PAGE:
A new state law may prevent Countryside High School from having to forfeit football victories even though it used an ineligible player for more than half of this season.
The Florida High School Athletic Association said Monday that it ruled Countryside quarterback Christian Strong ineligible because he was not living with a legal guardian and the school did not fill out the proper form regarding his eligibility.
The FHSAA, however, has not decided if Countryside will have to forfeit the six regular-season games in which Strong played. Thanks to a law passed in July, the forfeiture of games comes only if a coach or administrator knowingly used an ineligible player.
And even then, forfeits aren’t a given. The FHSAA is now required to try to avoid punishing an entire team for the improper actions of a few.
According to House Bill No. 1403: The FHSAA bylaws may not limit the competition of student athletes prospectively for rule violations of their school or its coaches or their adult representatives. The FHSAA bylaws may not unfairly punish student athletes for eligibility or recruiting violations perpetrated by a teammate, coach, or administrator. Contests may not be forfeited for inadvertent eligibility violations unless the coach or a school administrator should have known of the violation. Contests may not be forfeited for other eligibility violations or recruiting violations in excess of the number of contests that the coaches and adult representatives responsible for the violations are prospectively suspended.
FHSAA director of eligibility Michael Colby said the organization will decide on penalties by the end of this week. Countryside has until 5 p.m. today to file an appeal. The hearing would be Nov. 1 in Bradenton.
Strong, a senior, transferred from Canada in the spring and said he moved in with relatives in Clearwater. Countryside administrators asked for an eligibility ruling then, and the FHSAA determined Strong could not play in the spring because he had transferred mid-semester, according to Colby.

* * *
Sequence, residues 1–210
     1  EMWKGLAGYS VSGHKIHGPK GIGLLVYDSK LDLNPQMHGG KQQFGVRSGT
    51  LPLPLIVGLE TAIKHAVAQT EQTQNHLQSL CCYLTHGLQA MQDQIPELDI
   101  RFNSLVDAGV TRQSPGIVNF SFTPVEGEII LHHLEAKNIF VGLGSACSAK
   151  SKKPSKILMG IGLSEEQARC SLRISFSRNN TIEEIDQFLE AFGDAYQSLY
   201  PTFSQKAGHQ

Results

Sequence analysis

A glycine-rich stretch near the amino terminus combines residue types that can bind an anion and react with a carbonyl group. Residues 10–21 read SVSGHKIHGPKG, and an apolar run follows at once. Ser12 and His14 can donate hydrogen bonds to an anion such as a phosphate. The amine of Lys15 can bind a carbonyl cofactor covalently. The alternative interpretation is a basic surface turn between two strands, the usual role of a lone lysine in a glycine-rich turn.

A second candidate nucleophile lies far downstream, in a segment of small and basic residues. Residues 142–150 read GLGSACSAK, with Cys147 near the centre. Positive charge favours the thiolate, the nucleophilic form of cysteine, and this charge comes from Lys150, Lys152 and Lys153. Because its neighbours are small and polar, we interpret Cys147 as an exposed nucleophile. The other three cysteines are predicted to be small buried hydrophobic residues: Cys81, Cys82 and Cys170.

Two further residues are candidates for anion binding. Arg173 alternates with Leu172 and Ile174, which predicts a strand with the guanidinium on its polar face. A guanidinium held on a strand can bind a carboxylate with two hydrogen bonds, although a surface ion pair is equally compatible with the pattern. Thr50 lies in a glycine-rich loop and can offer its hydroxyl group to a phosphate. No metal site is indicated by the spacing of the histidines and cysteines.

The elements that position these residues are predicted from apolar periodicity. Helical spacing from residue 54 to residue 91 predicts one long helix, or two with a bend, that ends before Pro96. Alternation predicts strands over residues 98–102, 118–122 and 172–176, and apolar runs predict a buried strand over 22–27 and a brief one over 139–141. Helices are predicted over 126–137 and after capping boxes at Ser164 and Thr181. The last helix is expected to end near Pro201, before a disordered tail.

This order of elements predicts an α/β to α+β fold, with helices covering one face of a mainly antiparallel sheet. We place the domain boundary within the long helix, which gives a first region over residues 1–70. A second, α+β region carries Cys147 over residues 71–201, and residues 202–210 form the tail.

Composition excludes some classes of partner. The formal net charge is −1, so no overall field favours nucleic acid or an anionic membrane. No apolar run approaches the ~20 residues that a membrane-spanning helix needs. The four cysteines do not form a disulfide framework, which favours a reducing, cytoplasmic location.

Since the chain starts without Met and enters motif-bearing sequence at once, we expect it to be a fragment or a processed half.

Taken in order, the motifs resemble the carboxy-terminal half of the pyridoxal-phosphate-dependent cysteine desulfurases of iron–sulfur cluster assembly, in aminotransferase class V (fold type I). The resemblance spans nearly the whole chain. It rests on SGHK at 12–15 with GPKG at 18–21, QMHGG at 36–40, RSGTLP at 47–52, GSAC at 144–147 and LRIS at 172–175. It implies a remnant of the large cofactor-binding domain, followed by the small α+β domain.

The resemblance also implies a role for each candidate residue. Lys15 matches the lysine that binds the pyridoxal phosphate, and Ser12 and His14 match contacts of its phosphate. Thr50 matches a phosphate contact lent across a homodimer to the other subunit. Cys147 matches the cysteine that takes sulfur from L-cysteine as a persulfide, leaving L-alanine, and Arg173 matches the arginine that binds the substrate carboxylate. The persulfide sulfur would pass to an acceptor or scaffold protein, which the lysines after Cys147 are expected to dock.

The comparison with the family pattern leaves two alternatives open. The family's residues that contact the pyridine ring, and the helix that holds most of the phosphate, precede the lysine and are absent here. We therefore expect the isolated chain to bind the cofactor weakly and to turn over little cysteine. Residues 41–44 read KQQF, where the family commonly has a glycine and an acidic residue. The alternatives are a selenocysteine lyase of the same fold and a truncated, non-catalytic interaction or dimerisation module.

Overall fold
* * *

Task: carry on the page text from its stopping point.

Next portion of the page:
Countryside was supposed to have filled out an EL-4 form, which is required for international students, but did not because Strong told administrators he was an American with dual citizenship, Colby said.
“It turned out he was not an American citizen and the form was not turned in until about two weeks ago,” Colby said.
All paperwork on players is required to be submitted before the season starts. In recent weeks, Countryside has been investigated by the Pinellas County School District’s Office of Professional Standards for not submitting paperwork on volunteer coaches.
Strong played in Class 7A-9 district victories over Seminole and Northeast. If the FHSAA makes Countryside forfeit games, the Cougars (currently 7-1, 3-0) are likely out of the playoffs thanks to Pinellas Park’s win over Northeast this past week. The Cougars have made the postseason the past four years.
Armwood was the last Tampa Bay school penalized by the FHSAA for residency issues. In June, the football program was stripped of 2011’s 15 victories — and the Class 6A state title — after the FHSAA found five players had falsified residence information or did not make a full and complete move into Armwood’s geographic school zone. The school also was fined $12,000.
Those penalties were doled out before the new law went into effect.